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Market Snapshot: Dow falls in final hour of trading as Wall Street struggles to recover from worst selloff in two years


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U.S. stock indexes traded slightly lower on Wednesday after shedding morning gains, as data showed that costs for wholesale goods and services fell for the second month in a row, though inflation remains endemic in the U.S. economy.

On Tuesday, stocks saw the worst daily losses since June 2020 as investors reeled from disappointing consumer price inflation data, but only gave back gains made in the previous four sessions and remain above the year-to-date lows seen in June.

How are stock indexes trading?

The Dow Jones Industrial Average

 lost 33 points, or 0.1%, to 31,069

The S&P 500 

rose 2 points, or less than 0.1%, to 3,936

The Nasdaq Composite

gained 35 points, or 0.3%, to 11,669

In a dramatic session on Tuesday, major indexes logged the biggest daily percentage falls since June 11, 2020. The Dow Jones Industrial Average tumbled 1,276.37 points, or 3.9%, to 31,104.97, the S&P 500 fell 177.72 points, or 4.3%, to 3,932.69 and the Nasdaq Composite slumped 632.84 points, or 5.2%, to close at 11,633.57.

What’s driving the markets?

Investors on Wednesday were struggling to find their footing after all three benchmark stock indexes suffered their worst day in more than two years.

August producer price inflation, or PPI, which measures the cost of wholesale goods and services, dropped 0.1% in August, the government said Wednesday, mostly due to lower gasoline prices. The decline was in line with forecast by economists polled by the Wall Street Journal. Still, core PPI, a separate measure of wholesale prices that excludes volatile food and energy costs, rose by 0.2% in August.

The increase in wholesale prices over the past year slowed to 8.7% from 9.8% in the prior month. The increase in these so-called core prices over the past year also slowed to 5.6% from 5.8%.

See: U.S. wholesale inflation falls for second month in a row due to cheaper gas

In a blow to investors who had been hoping for an easing in high inflation, Tuesday’s data showed the U.S. CPI rising 0.1% in August and the annual rate slowing to 8.3%, against expectations for a monthly fall of 0.1% and a year-over-year rate of 8%. The core inflation rate also climbed by more than expected.

“Those data appears to me that everybody got it wrong that they thought inflation peaked last month, or the month before last year,” said Todd Morgan, chairman and partner at Bel Air Investment Advisors. “I think you’re seeing people exit positions and frightened out of these positions.”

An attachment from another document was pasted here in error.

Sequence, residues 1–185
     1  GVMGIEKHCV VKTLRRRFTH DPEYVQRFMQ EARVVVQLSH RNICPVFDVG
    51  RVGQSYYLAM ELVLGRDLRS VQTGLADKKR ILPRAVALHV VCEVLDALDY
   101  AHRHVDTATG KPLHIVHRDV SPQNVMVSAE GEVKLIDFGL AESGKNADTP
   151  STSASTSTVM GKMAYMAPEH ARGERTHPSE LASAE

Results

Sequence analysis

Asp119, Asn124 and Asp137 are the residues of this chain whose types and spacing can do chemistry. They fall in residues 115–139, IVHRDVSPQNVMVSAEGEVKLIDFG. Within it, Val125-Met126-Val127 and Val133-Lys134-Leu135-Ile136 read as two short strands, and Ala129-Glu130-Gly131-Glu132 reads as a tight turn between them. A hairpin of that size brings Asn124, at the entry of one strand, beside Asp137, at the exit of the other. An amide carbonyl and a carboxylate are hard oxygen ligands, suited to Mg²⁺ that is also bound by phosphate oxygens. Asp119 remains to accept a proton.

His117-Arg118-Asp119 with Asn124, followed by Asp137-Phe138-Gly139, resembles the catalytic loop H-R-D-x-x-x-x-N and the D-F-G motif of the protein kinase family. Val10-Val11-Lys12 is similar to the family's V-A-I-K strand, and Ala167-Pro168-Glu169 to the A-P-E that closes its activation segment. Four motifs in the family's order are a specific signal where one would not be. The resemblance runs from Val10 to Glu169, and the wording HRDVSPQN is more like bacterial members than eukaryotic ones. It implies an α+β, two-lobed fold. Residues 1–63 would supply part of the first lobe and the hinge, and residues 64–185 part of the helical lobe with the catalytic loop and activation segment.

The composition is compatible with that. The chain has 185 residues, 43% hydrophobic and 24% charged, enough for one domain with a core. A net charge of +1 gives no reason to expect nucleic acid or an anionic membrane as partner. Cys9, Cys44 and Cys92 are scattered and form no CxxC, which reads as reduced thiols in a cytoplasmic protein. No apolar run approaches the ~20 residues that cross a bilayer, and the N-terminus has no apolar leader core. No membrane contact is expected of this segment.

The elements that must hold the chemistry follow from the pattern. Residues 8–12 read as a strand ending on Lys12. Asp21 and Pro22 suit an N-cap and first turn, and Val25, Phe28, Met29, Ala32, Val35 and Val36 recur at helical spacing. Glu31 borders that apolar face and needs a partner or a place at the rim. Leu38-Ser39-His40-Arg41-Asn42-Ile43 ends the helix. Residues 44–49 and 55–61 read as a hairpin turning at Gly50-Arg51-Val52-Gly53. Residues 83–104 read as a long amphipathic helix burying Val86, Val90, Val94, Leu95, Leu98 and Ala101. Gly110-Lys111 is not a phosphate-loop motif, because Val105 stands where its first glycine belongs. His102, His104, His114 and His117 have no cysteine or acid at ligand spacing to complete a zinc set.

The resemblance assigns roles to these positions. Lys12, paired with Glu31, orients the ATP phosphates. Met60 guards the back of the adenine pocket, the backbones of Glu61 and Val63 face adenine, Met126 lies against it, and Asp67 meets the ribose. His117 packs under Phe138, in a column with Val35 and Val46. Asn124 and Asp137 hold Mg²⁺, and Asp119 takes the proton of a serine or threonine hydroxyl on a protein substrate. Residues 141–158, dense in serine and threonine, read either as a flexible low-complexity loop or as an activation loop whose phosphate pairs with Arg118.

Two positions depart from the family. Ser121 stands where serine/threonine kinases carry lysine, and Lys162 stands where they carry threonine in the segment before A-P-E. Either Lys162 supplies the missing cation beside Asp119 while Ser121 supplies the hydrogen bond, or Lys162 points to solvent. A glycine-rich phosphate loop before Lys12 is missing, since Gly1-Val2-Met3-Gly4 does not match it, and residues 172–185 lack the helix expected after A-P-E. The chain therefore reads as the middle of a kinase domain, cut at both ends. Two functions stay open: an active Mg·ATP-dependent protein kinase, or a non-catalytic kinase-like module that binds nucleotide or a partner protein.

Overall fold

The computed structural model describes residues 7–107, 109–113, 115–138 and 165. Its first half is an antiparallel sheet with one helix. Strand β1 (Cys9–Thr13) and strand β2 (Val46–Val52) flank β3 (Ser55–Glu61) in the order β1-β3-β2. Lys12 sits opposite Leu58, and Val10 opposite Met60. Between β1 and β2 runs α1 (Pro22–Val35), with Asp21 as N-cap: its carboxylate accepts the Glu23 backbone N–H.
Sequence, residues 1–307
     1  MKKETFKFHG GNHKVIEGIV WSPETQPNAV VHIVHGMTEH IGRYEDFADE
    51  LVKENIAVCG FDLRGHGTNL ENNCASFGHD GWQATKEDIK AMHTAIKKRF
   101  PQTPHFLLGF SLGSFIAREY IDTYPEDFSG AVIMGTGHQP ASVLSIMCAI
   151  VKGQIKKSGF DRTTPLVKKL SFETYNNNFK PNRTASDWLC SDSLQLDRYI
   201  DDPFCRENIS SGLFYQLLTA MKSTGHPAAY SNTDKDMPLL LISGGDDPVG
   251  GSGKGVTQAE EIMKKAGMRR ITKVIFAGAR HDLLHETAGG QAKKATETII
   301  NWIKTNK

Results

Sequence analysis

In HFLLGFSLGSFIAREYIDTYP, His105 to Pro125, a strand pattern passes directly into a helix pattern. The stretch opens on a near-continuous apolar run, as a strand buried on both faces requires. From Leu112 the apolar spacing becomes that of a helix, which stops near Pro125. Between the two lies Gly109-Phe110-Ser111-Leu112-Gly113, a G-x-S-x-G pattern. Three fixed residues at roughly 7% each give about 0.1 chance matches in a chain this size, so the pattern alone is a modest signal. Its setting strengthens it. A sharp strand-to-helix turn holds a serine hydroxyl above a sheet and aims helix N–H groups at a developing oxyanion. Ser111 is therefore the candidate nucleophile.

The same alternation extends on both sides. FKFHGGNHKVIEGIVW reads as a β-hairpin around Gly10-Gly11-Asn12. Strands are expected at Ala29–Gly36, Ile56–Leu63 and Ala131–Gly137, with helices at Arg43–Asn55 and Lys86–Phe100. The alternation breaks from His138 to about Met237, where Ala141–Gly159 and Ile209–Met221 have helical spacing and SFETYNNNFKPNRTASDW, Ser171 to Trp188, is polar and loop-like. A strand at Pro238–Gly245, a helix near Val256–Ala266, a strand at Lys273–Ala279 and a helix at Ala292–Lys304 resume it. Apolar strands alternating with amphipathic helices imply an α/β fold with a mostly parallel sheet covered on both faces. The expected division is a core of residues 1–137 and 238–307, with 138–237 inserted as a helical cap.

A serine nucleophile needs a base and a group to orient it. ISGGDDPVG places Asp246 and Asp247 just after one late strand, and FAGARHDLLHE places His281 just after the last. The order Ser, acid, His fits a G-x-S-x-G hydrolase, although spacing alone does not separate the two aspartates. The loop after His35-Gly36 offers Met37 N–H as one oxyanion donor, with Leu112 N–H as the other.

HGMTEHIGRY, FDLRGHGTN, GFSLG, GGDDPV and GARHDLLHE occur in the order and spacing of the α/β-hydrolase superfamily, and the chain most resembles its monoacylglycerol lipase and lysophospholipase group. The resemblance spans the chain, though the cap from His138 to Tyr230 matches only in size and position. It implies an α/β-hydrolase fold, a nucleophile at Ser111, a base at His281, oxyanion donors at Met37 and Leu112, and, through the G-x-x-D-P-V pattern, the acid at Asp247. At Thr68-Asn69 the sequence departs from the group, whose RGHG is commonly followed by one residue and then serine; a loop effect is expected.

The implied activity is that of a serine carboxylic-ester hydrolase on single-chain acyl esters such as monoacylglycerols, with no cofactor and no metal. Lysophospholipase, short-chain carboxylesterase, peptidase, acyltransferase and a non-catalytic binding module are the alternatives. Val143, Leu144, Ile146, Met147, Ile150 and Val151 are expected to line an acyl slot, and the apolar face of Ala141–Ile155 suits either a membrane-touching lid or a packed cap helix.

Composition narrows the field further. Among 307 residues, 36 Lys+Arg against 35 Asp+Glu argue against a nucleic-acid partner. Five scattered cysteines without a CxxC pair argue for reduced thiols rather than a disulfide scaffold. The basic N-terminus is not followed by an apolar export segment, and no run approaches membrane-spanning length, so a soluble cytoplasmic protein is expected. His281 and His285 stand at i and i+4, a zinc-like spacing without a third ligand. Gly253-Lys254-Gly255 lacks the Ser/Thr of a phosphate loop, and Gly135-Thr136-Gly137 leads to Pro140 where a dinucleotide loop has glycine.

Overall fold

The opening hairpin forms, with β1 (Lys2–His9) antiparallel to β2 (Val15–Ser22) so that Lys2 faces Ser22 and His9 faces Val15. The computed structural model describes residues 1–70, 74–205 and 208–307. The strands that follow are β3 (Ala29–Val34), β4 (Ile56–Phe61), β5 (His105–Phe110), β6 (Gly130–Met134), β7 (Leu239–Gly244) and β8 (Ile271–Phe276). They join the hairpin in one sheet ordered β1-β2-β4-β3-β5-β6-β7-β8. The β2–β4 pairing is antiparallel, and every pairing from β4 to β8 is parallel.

Investors dumped stocks on worries sticky inflation could force the Federal Reserve to keep its aggressive tightening of monetary policy for longer. Some have predicted the Federal Reserve could next week raise interest rates by as much as 1%.

“It’s not as much a ‘most would expect’ because it did materially alter rate hike expectations. We know that a 75 basis point rate hike in September is now fully expected — felt like it was written in pencil,” said David Wagner, portfolio manager at Aptus Capital Advisors. “There’s a rising chance of 100 basis points, but I’m more watching the fact that the market is now pricing in the greater chance of 75 basis points in November, which was opposed to the previous 50 basis points.”

The yield on the 10-year Treasury note

was down less than 1 basis point to 3.410%, while that of the 2-year note

was up 2.6 basis points to 3.771%.

“That Treasury yields continue to inch higher suggests that the market sees inflation continuing to work its way into the economy, as the lagged effect of rate hikes continues,” said Quincy Krosby, Chief Global Strategist, LPL Financial in Charlottesville, VA. “A potential rail strike is also a concern, as it would create yet another supply challenge as goods, including grains and vehicles, are halted from being delivered by rail.”

undefinedThe Dow Jones U.S. Railroads Index 

slumped 3%. Shares of CSX Corporation

and Union Pacific

down 1.7% and 4.1%, respectively. Major railroad operators have warned that they are preparing for a possible strike and halting some services.

See: Why a possible railroad strike would cripple the supply chain, stoke inflation

Tuesday’s Wall Street selloff spread to Asia, where the Nikkei 225 index

led losses with a 2.8% drop. European stocks

were lower, with the Stoxx Europe 600 index 

 falling 0.8% to 417.80.

Companies in focus

Shares of Comcast Corp. 

 bounced 3.4% Wednesday, off the previous session’s 2 1/2-year closing low, after the cable TV and internet provider boosted its share repurchase program to $20 billion.

Shares of Uniper SE

tumbled 18.3% Wednesday, following a report that the German government is considering fully nationalizing the gas importer or increasing its stake to above 50%.

U.K. homeware brand Dunelm Group
shares rose 3.5% after the company reported a 16% rise in annual sales as customers from all demographics sought out the retailer’s home equipment and furnishings despite surging inflation.

Twilio Inc.

shares rose 10.8% after the company said Wednesday that its board of directors has approved a restructuring plan that will see the company cut about 11% of its staff. 

— Barbara Kollmeyer contributed to this article

Hear from Ray Dalio at the Best New Ideas in Money Festival on Sept. 21 and Sept. 22 in New York. The hedge-fund pioneer has strong views on where the economy is headed.

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